Herrick Center – It is to be hoped that the parties who could find nothing better to do than to girdle the beautiful row of willows, skirting the street on the Reynolds farm may be apprehended and justice meted out to them. They were an ornament to our little village as well as a loss to the owner.
Harford – Bert Loomis, of Washington, DC, who was born and brought up in this township, a son of Dr. Loomis, one of the old landmarks of this place, was visiting the scenes of his childhood days last week. In fact, a love for the county of his birth had become so strong that he lately purchased the Welcome Wilmarth farm in Harford township, which he will retain and occasionally visit. Mr. Loomis enlisted in the regular army nearly 40 years ago, and after 30 years of service was retired in 1914. But when the United States joined the allies in the World War, he was called back for service and was recruiting sergeant at Fayetteville, NC for more than a year. Mr. Loomis is a very pleasant gentleman to meet and we hope that he will, sometime, return to his native county to reside.
Nicholson – Ned C. Tiffany was awakened by the ringing of the cash register in the lobby of Hotel Almont, shortly after midnight Friday. Turning on the light he stepped in the hall, where he was confronted by a burglar and was commanded to hold up his hands, in which tiffany replied "Not by a d--- sight." And stepped back in the room. At this the thief made a hasty retreat from the house. On the same night the Lackawanna station was broken into and the safe carried across the tracks. The thieves secured about forty cents for their night's work.
Gelatt – A few days ago, while B. J. Avery and family were away, someone entered their home and took their vinegar out of the barrel in the woodshed garret; also removed the stove pipe from the chimney. Last Saturday night, about eight o'clock, someone came and shook their pear tree and gathered the pears; also took all their squash.
News Brief: Brooklyn won the National flag. New York was defeated by Boston and dropped out of the race. The Robins can lose all the games scheduled without losing grip on the flag. The World's series will start on October 5 in the American city winning the pennant. If the American league race results in a tie between Chicago and Cleveland, a three game series will be necessary.
On September 18, 2020, Officer Kevin Hagan was responding to a 911 call in Montgomery County. After arriving at the scene, Officer Hagan encountered Roberto Juarez – who was not a suspect in the disturbance but was observing from a distance. Juarez decided it would be fun to loudly heckle and harass Officer Hagan. Officer Hagan believed that Juarez was intoxicated because he was swaying and unsteady on his feet, his eyes were bloodshot and there was a strong odor of alcohol coming from his person. Officer Hagan instructed Juarez to leave the area or he would be arrested for disorderly conduct.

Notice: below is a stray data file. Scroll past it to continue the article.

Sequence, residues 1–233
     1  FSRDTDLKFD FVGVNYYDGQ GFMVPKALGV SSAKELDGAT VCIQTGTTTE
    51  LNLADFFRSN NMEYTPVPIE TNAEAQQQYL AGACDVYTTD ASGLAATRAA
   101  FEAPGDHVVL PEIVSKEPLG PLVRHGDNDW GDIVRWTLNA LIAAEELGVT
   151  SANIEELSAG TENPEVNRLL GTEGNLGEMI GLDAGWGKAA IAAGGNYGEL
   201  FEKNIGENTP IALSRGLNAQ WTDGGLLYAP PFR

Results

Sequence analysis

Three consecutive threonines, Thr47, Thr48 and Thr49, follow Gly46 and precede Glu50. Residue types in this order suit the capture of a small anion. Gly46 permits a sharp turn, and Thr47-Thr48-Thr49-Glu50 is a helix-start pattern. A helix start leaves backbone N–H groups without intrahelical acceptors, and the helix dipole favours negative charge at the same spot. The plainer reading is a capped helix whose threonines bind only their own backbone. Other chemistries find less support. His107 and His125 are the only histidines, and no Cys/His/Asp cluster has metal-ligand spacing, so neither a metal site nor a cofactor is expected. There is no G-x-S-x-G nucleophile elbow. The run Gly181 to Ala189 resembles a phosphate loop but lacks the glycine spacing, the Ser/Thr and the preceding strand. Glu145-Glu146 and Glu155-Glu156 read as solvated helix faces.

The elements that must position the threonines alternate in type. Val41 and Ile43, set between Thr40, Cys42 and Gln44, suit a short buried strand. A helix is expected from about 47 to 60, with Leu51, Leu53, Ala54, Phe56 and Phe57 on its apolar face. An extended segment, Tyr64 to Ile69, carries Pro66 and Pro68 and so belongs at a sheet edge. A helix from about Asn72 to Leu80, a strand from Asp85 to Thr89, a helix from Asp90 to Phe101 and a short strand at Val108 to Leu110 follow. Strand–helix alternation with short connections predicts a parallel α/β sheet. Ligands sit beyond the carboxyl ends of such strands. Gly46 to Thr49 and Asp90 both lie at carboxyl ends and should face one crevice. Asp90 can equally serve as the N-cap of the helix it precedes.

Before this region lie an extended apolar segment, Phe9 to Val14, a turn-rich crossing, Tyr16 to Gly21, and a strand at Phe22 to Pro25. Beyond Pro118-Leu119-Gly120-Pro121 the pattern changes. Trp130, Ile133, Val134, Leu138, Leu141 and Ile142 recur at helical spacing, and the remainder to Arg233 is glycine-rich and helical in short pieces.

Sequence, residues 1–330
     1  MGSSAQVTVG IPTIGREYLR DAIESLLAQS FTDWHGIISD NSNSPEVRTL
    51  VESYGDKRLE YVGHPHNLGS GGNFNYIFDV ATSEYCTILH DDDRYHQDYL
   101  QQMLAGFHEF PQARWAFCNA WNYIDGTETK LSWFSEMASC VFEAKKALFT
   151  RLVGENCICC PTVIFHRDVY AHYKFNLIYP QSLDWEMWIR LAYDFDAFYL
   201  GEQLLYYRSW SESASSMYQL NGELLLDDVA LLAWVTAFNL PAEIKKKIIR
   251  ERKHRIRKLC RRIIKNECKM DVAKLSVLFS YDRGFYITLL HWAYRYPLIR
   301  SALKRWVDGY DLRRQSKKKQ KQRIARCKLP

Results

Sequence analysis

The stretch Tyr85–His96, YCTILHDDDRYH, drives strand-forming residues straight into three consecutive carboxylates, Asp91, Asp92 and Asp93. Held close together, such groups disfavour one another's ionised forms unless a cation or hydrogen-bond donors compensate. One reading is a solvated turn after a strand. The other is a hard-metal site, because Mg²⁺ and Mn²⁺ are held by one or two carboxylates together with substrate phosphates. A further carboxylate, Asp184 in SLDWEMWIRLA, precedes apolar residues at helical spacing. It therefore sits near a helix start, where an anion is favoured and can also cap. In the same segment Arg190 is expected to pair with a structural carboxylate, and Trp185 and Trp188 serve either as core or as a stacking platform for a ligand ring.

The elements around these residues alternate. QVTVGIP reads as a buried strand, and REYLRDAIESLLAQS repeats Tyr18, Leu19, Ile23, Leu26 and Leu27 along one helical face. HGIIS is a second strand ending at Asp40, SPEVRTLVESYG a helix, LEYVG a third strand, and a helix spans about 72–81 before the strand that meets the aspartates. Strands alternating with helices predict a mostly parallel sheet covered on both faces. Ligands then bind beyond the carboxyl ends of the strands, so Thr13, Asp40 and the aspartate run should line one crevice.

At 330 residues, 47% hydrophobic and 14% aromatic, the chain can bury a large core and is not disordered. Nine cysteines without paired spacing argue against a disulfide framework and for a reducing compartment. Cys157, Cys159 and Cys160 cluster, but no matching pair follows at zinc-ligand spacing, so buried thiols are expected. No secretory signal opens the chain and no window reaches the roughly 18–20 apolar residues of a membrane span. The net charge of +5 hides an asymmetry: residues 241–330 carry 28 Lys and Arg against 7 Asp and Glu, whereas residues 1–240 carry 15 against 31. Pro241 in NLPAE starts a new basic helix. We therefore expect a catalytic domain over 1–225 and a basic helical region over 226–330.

Juarez ignored Officer Hagan – and when Officer Hagan indicated that he was under arrest, Juarez took up a fighting stance with his hands up. During the physical tussle that ensued, Juarez bit Officer Hagan's finger. Juarez was charged with aggravated assault upon a police officer, resisting arrest and disorderly conduct.
The matter proceeded to a judge trial – and at the trial itself, the judge decided to unilaterally amend the aggravated assault count to simple assault and then convicted Juarez of simple assault (along with the other counts of resisting arrest and disorderly conduct). The aggravated assault count was a felony of the second degree punishable by up to 10 years of incarceration. After the judge's amendment, the simple assault count was a misdemeanor of the second degree punishable by up to only 2 years. In other words, the potential punishment for the amended simple assault count was 80% less than the potential punishment for the original aggravated assault count.
As you might expect, the defense attorney did not object to the judge's charitable act – and the prosecutor, while likely not thrilled with this benevolent judicial act, also accepted the judge's reduction without objection. The parties then all agreed to the sentence of a minimum of time-served to 23 months followed by 2 years of probation. The trial judge then immediately paroled the defendant.